Take Five With Dan Meinhardt
I got to play at The Jazz Station in Eugene, OR a lot while working on my Masters. That place is great; small, but enthusiastic crowds every time. You can go in and play a small group, straight-ahead set one night, then go in the next and play a show of Nine Inch Nails covers, and the audience will be into it both nights. Such a great volunteer-run organization that really keeps improvised music alive in Eugene.
Your favorite recording in your discography and why?
Gretchen Parlato, The Lost and Found. I love vocalists. They give a different kind of life to music that instrumentalists just can't do. That album was the soundtrack to my summer in grad school. The music is consistently great throughout, and the players are amazing. There's a great pop vibe on the album that makes it approachable for non-jazzers, but there's enough headiness in the arrangements and playing for the most geekified jazzer.
The first Jazz album I bought was:
Cookin' With the Miles Davis Quintet.
What do you think is the most important thing you are contributing musically?
Sincerity. I know there's nothing technical about what I do that hasn't already been done or isn't being done better somewhere else. What I do know is that every time I get on the bandstand, I guarantee my audiences a good show. I don't ever let myself phone in a performance and I keep reaching for that next level. There are a lot of musicians I know that will simply settle for an off night because they're tired or have something early the next morning; I'm not that player. I give my best effort each time I step on the stage and my audiences can always recognize that effort.
Did you know...
I was once shamelessly propositioned in a coffee shop while I was working.
CDs you are listening to now:
Ryan Truesdell, Centennial: Newly Discovered Works of Gil Evans (ArtistShare); Bob Brookmeyer, Standards (ArtistShare); Walter Smith III, III (Criss Cross); Gerald Clayton, Bond: The Paris Sessions (EmArcy); Avishai Cohen. Introducing Triveni(Anzic).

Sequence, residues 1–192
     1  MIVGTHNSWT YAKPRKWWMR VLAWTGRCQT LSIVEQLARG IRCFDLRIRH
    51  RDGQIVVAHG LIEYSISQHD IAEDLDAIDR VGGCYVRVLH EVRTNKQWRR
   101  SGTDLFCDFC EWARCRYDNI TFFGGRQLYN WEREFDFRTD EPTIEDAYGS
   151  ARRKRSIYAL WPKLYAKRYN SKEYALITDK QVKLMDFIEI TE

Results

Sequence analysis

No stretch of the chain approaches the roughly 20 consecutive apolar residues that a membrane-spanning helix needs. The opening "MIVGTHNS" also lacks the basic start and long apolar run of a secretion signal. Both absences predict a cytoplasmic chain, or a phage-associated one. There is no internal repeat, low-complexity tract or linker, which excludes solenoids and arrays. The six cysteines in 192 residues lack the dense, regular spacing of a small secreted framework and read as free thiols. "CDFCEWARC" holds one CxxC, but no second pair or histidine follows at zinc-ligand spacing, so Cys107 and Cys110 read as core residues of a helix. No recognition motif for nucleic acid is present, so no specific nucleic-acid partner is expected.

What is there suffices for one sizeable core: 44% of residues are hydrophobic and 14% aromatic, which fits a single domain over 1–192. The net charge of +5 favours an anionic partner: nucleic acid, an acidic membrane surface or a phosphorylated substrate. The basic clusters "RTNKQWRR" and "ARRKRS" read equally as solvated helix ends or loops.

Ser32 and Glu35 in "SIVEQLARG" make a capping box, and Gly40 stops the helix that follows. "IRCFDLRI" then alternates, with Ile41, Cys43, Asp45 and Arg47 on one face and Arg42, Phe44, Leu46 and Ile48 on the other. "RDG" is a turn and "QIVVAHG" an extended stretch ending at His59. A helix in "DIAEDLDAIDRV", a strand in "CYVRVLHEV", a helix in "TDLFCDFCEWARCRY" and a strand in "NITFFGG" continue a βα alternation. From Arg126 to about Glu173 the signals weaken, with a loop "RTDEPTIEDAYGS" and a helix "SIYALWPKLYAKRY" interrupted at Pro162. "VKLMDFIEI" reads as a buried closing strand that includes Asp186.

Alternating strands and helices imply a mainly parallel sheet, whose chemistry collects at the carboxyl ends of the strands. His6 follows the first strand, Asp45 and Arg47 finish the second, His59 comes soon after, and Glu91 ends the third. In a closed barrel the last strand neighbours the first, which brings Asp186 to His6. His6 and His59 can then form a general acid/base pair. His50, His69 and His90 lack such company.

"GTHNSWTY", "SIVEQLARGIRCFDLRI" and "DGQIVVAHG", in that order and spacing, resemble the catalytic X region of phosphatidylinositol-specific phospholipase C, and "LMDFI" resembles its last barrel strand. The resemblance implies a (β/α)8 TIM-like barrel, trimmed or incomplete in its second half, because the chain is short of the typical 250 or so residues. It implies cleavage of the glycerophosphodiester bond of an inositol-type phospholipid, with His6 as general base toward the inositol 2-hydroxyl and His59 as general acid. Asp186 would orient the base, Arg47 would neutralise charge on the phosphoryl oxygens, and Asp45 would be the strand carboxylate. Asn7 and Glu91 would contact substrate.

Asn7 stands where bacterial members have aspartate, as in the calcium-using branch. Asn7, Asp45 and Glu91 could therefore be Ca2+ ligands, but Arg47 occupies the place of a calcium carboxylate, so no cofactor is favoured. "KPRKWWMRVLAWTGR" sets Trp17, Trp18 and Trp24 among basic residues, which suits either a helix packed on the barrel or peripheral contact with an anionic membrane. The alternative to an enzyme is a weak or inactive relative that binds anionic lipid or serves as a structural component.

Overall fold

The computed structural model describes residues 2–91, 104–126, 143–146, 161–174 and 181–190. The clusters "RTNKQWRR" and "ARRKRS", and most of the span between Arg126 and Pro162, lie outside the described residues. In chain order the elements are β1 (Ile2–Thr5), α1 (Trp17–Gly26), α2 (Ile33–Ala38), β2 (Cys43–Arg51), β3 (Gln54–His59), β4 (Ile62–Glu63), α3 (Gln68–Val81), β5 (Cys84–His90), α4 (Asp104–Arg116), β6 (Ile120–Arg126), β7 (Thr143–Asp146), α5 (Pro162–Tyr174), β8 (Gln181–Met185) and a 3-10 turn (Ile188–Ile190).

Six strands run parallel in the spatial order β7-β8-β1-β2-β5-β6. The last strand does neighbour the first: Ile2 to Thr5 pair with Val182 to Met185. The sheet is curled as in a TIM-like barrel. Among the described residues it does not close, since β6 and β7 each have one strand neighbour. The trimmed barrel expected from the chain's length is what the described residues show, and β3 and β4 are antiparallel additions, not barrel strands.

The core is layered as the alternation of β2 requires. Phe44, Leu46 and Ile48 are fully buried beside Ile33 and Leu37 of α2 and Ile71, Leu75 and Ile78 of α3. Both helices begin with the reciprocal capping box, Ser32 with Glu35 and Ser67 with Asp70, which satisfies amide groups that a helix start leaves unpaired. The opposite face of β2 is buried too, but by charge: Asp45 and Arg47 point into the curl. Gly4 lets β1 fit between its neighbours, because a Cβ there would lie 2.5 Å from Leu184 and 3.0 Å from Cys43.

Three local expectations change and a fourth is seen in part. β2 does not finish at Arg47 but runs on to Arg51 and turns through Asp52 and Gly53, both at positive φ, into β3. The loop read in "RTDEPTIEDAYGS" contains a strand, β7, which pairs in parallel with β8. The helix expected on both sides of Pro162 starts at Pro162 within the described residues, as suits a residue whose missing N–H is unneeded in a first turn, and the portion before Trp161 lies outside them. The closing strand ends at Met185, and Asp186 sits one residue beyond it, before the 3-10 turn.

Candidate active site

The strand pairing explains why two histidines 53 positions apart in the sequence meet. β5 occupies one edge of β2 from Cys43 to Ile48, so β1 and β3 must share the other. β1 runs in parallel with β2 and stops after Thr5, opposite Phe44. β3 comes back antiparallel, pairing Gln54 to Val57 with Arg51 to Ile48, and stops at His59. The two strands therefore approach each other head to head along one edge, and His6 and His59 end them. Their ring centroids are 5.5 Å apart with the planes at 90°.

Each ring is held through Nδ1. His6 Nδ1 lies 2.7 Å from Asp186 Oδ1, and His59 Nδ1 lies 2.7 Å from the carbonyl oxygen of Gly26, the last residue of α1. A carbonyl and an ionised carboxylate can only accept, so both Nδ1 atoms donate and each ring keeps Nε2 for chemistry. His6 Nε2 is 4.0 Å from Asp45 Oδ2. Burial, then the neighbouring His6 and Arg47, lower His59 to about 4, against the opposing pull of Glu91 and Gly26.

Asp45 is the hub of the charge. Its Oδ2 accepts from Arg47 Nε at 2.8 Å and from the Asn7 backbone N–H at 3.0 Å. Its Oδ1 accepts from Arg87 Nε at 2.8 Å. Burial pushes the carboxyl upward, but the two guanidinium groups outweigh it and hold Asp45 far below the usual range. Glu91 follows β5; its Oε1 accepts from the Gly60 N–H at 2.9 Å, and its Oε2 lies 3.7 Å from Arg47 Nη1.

Desert Island picks:
Sonny Rollins, A Night at the Village Vanguard (Blue Note); Oscar Peterson, Exclusively for My Friends (Verve); Chris Potter, Gratitude (Verve); John Coltrane, John Coltrane & Johnny Hartman (Impulse!).
How would you describe the state of jazz today?
The state of jazz is great! There's so much creative music happening, and so many great players doing creative things. Does it all translate to audiences? Maybe not, but the music itself is amazing. There's already a big shift in audiences that leads me to believe we as a jazz community just need a good publicist. The music is happening already.
What are some of the essential requirements to keep jazz alive and growing?
We need to make sure venues make it accessible to the audience and financially sustainable to artists. Artists also need to be willing to work. I remember reading an interview with Ron Carter where he said something like (I'm paraphrasing here) "Kids today are soft. I remember coming up, playing three shows a night, and really trying to make it happen each time." Granted, there aren't as many venues as there were, but the opportunities are there if you're willing to work.
What is in the near future?
I just released my first album, a collection of music I wrote while on the West coast. After graduating I moved to Chicago, where I'm working on setting up a regular gig with my band from the album and getting more sideman work.
What's your greatest fear when you perform?
That I'm wearing the wrong shoes.
My day job is to promote my night job. I'm a musician through and through. Everything I do I try to fit into the world of making more music.
If I weren't a jazz musician, I would be a:
Executive chef. Five-star restaurant. I love to cook.
Courtesy of Dan Meinhardt